In the late 1990s, I was a mid-career physician with my eye on writing science fiction in retirement.  The books I was reading then were by authors such as Georges Perec, John Irving, William Gass, Jim Harrison and Jonathan Safran Foer.  One day, because of my love of cooking, I picked up Kitchen Confidential out of curiosity, and was immediately struck by Bourdain’s lurid stories of drug abuse, dropping out of college, alcohol addiction, brutal relationships, and the corrupt realities of the restaurant business (all the more vivid now, in the broad wake of Mario Batali, Ken Friedman, Charlie Hallowell and the #MeToo movement).  I learned about the mob’s ties to NYC fish delivery; cringed at the image of a huge pirate-like sous-chef who calmly lifted searing-hot pans out of the broiler with his bare hands; and I learned the horrible truth about what goes into those Sunday brunch buffets.  Kitchen Confidential, much more than the cookbook I was hoping for, changed everything– for me in my world view, patronage of Sunday brunches, and ultimately my fiction writing; and for Bourdain, when its success launched him into the public eye.  CNN signed him to the popular television series Parts Unknown, now cut short in its 12th season.

When interviewed by the Associated Press about Parts Unknown, he said:  “If you think about who the audience is and what their expectations might be, I think that’s the road to badness and mediocrity.  You go out there and show the best story you can as best you can.  If it’s interesting to you, hopefully it’s interesting to others.  If you don’t make television like that, it’s pandering.”

That is exactly the argument that ran through my mind almost a decade later, when writing Fourth World, the first novel in my science fiction trilogy.  Reading it over, I noted the density of medical technology (for example, genetic engineering with multi-species recombinant DNA) and discussions of related ethical questions (debated in 2018, but settled by law in 2196).  In that book, I even invented a space engine– necessitating a new, fictitious subatomic particle– in order to allow Benn and Lora to fly from Mars to Earth in only four weeks!  Was I going too far, risking the alienation of my readers?  To me, that would be better than waving a hand and simply issuing the order, “Warp nine– engage!”  Wasn’t it preferable to stay true to my own vision of the novels– to be a pirate in my own kitchen?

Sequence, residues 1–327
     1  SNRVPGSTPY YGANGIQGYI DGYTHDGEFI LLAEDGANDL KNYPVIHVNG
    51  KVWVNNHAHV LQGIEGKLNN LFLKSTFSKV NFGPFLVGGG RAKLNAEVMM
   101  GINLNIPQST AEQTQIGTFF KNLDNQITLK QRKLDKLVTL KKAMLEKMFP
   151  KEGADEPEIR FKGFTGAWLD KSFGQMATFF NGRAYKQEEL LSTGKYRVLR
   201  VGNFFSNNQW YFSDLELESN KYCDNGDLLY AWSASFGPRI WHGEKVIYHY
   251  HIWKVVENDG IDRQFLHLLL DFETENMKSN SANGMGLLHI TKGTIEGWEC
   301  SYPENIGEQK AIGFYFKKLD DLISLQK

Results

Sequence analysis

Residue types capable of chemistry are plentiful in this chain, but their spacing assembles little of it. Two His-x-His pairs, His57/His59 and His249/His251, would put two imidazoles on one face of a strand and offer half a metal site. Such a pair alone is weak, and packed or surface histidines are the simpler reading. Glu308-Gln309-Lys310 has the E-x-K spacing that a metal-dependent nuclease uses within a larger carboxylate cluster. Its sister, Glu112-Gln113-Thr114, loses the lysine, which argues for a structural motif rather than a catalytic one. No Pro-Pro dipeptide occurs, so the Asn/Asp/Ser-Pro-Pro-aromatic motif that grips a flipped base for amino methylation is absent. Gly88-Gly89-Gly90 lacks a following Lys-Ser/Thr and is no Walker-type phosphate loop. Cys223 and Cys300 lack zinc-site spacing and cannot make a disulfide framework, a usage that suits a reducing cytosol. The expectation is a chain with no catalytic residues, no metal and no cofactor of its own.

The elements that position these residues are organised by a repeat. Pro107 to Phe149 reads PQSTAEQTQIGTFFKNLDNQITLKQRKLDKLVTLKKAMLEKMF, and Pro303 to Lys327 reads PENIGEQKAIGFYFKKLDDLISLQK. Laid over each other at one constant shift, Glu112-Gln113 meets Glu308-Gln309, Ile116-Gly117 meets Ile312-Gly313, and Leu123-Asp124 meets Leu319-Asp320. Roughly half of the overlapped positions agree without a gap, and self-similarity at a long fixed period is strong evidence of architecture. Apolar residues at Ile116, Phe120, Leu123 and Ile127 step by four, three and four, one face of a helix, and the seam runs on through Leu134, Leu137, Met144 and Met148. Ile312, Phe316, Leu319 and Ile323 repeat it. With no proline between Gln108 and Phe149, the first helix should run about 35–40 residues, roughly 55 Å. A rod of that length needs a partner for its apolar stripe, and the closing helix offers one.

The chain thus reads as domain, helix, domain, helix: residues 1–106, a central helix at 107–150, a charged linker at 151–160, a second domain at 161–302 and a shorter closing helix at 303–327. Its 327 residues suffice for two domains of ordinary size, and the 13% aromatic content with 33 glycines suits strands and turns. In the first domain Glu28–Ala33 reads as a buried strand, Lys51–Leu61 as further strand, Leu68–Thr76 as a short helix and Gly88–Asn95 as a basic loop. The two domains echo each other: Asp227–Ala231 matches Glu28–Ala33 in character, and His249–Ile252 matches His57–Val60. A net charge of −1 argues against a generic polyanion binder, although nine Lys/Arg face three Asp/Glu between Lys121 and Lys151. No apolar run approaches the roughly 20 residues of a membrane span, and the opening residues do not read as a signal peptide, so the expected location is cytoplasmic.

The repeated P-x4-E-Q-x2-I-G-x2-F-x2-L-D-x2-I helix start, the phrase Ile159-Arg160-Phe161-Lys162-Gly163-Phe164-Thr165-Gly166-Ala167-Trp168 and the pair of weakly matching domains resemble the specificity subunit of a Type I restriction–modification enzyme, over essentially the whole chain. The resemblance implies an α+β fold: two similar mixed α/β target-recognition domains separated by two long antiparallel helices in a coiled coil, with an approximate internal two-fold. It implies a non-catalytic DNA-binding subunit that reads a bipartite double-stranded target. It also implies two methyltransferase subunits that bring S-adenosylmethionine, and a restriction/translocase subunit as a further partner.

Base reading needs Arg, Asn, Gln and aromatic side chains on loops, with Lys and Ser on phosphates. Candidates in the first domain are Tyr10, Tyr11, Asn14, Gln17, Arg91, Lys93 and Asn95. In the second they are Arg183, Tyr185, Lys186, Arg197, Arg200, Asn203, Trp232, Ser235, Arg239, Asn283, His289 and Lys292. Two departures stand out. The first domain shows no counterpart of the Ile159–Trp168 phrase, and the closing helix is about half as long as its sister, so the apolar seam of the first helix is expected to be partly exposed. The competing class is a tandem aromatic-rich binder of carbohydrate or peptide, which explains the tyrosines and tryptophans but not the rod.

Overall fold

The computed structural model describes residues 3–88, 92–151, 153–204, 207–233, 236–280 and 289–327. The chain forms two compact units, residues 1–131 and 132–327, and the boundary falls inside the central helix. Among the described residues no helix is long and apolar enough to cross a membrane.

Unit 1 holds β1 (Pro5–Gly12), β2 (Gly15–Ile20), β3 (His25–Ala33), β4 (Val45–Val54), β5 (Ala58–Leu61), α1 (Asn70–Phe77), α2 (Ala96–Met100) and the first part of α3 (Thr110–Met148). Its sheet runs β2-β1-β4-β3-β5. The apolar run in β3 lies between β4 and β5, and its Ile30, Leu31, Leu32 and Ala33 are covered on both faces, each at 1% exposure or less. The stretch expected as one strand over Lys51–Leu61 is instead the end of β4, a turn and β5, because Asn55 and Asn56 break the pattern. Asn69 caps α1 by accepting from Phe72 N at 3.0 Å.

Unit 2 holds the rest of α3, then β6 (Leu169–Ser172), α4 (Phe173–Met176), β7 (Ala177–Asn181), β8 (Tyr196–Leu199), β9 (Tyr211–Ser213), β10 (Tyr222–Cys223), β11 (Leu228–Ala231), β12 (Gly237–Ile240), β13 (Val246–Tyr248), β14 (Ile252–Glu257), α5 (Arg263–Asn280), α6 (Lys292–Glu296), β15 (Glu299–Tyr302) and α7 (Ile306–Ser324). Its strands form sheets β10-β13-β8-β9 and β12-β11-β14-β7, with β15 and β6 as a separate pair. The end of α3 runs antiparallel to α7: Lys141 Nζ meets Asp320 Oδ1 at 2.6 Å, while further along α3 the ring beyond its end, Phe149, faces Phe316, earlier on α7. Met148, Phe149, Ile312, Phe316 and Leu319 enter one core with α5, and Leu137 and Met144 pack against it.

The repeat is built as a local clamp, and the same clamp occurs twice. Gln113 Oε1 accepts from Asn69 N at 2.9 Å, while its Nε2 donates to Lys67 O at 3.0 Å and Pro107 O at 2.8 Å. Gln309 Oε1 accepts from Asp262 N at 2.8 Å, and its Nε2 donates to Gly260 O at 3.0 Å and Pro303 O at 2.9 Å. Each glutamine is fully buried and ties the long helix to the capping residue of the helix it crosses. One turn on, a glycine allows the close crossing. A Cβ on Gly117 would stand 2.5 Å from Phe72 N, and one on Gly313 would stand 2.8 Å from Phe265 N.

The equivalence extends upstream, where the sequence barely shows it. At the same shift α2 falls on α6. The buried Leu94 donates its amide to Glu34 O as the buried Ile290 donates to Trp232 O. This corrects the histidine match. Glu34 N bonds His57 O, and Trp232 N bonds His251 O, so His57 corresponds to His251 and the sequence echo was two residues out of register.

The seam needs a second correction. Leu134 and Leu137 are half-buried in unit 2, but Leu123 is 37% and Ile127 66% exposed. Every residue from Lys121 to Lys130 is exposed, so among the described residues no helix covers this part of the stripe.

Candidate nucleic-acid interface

But who was the audience?  Who were my readers, and what might their expectations be?  If I edited the novel to suit some hypothetical, “average” reader, Anthony Bourdain would call it pandering and a road to mediocrity.  And indeed it would be.  With the conviction that this was my one, best shot at writing, I decided that if the content was interesting to me, then hopefully it would be interesting to others as well.

A few weeks ago, I spoke to two sixth-grade classes about the Fourth World series and writing (see my blog post Kids These Days!).  I advised the potential writers among them to read as much as they could, in order to absorb some of the vocabulary and craft of writing.  Also, they should write about what they know– in my case, medicine, science, colonialism, geopolitics, food and wine.  What I omitted was the importance of being true to themselves, to write what came from within, and not for the sake of external acceptance and positive reviews.

(I know, I know:  marketing!  For all those professional writers in the blogosphere who are now groaning at my remarks, I apologize and readily acknowledge that it’s easier to ignore ratings when you’ve already had a career in medicine).

Should I, or shouldn’t I, have taken an axe to potentially challenging material?  You be the judge.  Here’s the passage from Fourth World with which I wrestled long and hard, before deciding to leave it in, completely intact:

After hanging around the engine room aimlessly for a couple of days, Benn finally asked a sympathetic engineer for a tour.

“All right, Benn, I’ll give you a simplified version.  To start with, let’s consider these subatomic particles as such, although we analyze them as waves.  Flowsorb takes a variety of hyped-up particles, by-products harvested from the fusion reactor (efficient, right?) and fires these particles from the central initiator, where they first enter the cyclic counter-current mechanism. Meanwhile, at the terminal emitter, each compatible, or what we call candidate, particle degrades to a capacitron:  you remember that’s a cousin of the anti-proton, capable of absorbing energy like a sponge, storing that energy until a specific threshold is exceeded, then discharging it. Following me so far?”

Benn nodded uncertainly.